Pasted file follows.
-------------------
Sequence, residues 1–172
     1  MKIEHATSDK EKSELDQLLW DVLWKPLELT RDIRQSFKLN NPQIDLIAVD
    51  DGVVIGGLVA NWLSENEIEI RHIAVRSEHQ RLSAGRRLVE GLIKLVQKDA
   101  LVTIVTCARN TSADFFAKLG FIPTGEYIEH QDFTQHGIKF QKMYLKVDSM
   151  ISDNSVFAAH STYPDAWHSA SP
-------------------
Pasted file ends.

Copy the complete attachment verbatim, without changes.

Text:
Sequence, residues 1–172
     1  MKIEHATSDK EKSELDQLLW DVLWKPLELT RDIRQSFKLN NPQIDLIAVD
    51  DGVVIGGLVA NWLSENEIEI RHIAVRSEHQ RLSAGRRLVE GLIKLVQKDA
   101  LVTIVTCARN TSADFFAKLG FIPTGEYIEH QDFTQHGIKF QKMYLKVDSM
   151  ISDNSVFAAH STYPDAWHSA SP